Desert Wind Sample Chapter


Aakwer (ah-kwur). Kwaaymii. A young runner.

arrowweed. A fibrous plant found in the desert. It was generally used to make nets for trapping rabbits.

arroyo. A brush strewn valley.

Black Bear. Kwaaymii. Father of SuSaan.

Bird Singers. Ceremonial singers who would lift up song throughout a variety of Kwaaymii ceremonies.

Flat-Nosed. A group of people from far north of the Kwaaymii homeland.

Haatipaa (hah-tih-pah). Haawii. The Haawii chief.

Haawii (hah-wee). Literally "Water in Rock." A group of people who dwelt in the desert year-round.

hakwall (hack-wall). A device used for carrying a smile child on one's back. Much like a backpack.

Hampuu (ham-poo). Haawii. A scout.

Inya (in-ya). The name for the spirit of the sun.

Karuk (kuh-rook). When a person died, the Kwaaymii believed their spirit would walk the earth for one year. The person would review their life during that period. After a year, their spirit would depart across the "bridge between the two worlds" to the afterlife. The Karuk ceremony was a sending-off of the person's spirit, celebrating their passage across the bridge and their entry into afterlife.

kapash cakes (ku-push). Cakes made out of a ground acorn meal.

Kwaaymii (kwie-mee). Literally "Bird that Sings." A group of people who migrated between the mountains and desert with the change of seasons. They spent winter in the desert, while spring, summer and much of fall in the mountains. They took their name from the sacred Kwaaymii bird.

kwaaypaay (kwie-pie). Literally "eagle." A village chief.

Kwutah Lueah (kwoo-tah loo-ay-ah). Literally "Song Dance Race." It was a race held in the early morning. The runners would race from the bottom of a hill to the top. They raced each other, but they were also racing against the sunrise.

Lugo (loo-go). Kwaaymii. The Kwaaymii shaman.

Mahwaa (Muh-wah). Haawii. The Haawii shaman.

mescal (mez-kal). A fibrous plant used for making heavy nets and rope.

message stick. A stick carried by runners bearing a message. The message stick allowed a runner to pass unhindered to their destination. Runners would even be allowed to pass through an enemy encampment if they carried a message stick.

Naamii (nah-mee). Haawii. Cousin of SuSaan's mother. SuSaan's second cousin (though she refers to her as "auntie").

ocotillo (oh-kuh-tee-yoh). A desert plant which grows in tall stalks.

olla (oi-yah). A type of pottery used for storage. Often used for holding water. It came in many different shapes and sizes.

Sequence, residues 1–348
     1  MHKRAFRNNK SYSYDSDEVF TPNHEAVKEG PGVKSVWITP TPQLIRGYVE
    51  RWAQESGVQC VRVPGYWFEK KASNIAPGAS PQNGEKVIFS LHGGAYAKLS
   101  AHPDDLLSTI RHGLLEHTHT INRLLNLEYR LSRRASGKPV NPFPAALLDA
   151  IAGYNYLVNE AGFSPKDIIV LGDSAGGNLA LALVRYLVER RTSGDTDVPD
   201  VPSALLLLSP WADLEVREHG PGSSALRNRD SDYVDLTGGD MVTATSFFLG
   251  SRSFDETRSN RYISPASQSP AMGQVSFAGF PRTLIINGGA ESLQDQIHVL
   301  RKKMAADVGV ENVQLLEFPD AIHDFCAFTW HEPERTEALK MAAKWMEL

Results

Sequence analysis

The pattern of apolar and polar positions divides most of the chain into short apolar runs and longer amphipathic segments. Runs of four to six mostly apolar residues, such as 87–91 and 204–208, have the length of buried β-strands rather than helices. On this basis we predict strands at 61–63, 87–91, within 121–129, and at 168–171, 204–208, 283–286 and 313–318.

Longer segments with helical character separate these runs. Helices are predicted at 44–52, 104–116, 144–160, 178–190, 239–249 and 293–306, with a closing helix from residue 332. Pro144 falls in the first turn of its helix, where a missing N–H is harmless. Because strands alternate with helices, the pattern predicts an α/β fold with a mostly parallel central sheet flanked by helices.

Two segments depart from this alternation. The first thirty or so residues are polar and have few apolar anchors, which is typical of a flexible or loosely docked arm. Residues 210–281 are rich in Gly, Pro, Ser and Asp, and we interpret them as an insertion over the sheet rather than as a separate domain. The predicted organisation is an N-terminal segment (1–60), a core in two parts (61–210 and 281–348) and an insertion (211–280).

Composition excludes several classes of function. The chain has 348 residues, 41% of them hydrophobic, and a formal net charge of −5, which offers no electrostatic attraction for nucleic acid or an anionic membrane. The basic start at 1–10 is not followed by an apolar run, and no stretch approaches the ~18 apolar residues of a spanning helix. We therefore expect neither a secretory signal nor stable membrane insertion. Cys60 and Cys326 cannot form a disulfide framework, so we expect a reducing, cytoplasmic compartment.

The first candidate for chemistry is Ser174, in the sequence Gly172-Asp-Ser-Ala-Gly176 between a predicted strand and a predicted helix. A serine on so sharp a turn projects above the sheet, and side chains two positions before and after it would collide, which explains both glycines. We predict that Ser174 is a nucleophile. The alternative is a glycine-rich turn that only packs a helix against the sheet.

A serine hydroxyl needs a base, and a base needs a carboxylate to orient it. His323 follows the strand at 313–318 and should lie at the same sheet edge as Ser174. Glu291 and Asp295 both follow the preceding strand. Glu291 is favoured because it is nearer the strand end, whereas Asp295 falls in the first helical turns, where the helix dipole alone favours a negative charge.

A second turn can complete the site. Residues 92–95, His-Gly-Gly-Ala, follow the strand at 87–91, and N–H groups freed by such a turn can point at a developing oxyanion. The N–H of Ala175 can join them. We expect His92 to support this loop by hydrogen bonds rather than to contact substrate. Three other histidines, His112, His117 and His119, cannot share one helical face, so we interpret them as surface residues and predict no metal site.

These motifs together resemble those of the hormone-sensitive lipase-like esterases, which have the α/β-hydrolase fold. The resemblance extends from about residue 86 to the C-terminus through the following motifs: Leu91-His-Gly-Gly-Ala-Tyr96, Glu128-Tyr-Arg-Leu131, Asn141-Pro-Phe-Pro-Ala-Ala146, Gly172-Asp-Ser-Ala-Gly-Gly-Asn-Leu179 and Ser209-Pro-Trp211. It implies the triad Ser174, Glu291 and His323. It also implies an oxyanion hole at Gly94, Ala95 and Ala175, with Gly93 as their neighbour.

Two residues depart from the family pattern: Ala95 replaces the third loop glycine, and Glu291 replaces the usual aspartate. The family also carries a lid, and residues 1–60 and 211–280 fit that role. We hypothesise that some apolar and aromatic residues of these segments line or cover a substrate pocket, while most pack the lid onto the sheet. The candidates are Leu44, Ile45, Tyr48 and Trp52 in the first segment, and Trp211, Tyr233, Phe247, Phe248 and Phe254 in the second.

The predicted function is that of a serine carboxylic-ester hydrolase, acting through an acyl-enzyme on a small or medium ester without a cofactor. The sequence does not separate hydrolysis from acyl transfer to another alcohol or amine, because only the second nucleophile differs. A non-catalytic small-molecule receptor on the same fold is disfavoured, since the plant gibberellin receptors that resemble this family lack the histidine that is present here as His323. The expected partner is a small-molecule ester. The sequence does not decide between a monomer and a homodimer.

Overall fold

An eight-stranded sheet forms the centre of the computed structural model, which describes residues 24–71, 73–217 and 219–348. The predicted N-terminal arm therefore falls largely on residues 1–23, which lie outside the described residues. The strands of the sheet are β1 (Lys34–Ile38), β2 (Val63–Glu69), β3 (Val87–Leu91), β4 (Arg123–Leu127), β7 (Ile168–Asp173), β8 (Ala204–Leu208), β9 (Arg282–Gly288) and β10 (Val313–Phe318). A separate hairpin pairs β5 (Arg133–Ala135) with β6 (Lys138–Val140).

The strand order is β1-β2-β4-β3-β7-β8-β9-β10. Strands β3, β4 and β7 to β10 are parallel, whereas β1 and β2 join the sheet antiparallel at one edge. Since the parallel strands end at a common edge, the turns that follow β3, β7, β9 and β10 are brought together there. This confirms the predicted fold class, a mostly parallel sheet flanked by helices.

Parahaan (Par-uh-hahn). Kwaaymii. The Kwaaymii chief

pinyon nuts. A nut taken from the small pinyon pine tree. The nuts usually ripened in the summer.

Saatiiko (sah-tee-ko). SuSaan's mother. Killed by the Flat-Nosed. Named from the legend of the twins. Saatiiko is the joyful one. Also the daughter of Singing Dart and Naamii.

saawii acorn (sah-wee). A nut that was used to make a flavorful, custard-like mush.

Saves an Eagle. Kwaaymii. An elderly Kwaaymii man.

Singing Dart. Haawii. Naamii's husband.

smoke-tree. A desert tree that flowered in the springtime. It had long, intertwined branches covered in sharp thorns.

Straight Branch. Kwaaymii. An elderly Kwaaymii woman who served as instructor during women's ceremonies. She was also particularly skilled at making baskets.

Stone Cutter. Kwaaymii. Swift Foot's brother.

SuSaan (soo-sahn). Kwaaymii. Daughter of Black Bear and Saatiiko.

Swift Foot. Kwaaymii. Fastest runner in the Kwaaymii village.

sweat house. A ceremonial gathering place. The structure was longer than a typical wickiup because it had to enclose large groups. There were usually two sweat houses in a village, one for men's ceremonies, and another for women's ceremonies.

sweat lodge. See sweat house.

Taakaayp (tah-kiep). A puberty rite (coming of age) ceremony. It was the celebration of a young person becoming an adult.

Tall Palm. Haawii. A tall Haawii with a birthmark on his cheek. His wife was killed by the Flat-Nosed along with SuSaan's mother, Saatiiko.

Warm Water in Rock. The name of the Haawii village.

wash. A thin and shallow valley usually cut through the desert floor by either seasonal runoff or flash flooding.

wickiup (wik-ee-up). A round structure which people lived in. It was typically made of sticks, leaves, and mud mortar for strength.

wiipuk uumyaw (wee-puk oohm-yah). The name for the path that led from the mountains into the desert. The Kwaaymii followed this path when they migrated from their mountain (summer) home to their desert (winter) home and back.


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